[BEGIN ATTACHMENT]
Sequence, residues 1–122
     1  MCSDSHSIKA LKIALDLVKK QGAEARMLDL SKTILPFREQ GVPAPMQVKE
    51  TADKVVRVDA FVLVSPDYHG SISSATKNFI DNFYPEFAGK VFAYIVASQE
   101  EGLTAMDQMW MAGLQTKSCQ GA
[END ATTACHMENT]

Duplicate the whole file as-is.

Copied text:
Sequence, residues 1–122
     1  MCSDSHSIKA LKIALDLVKK QGAEARMLDL SKTILPFREQ GVPAPMQVKE
    51  TADKVVRVDA FVLVSPDYHG SISSATKNFI DNFYPEFAGK VFAYIVASQE
   101  EGLTAMDQMW MAGLQTKSCQ GA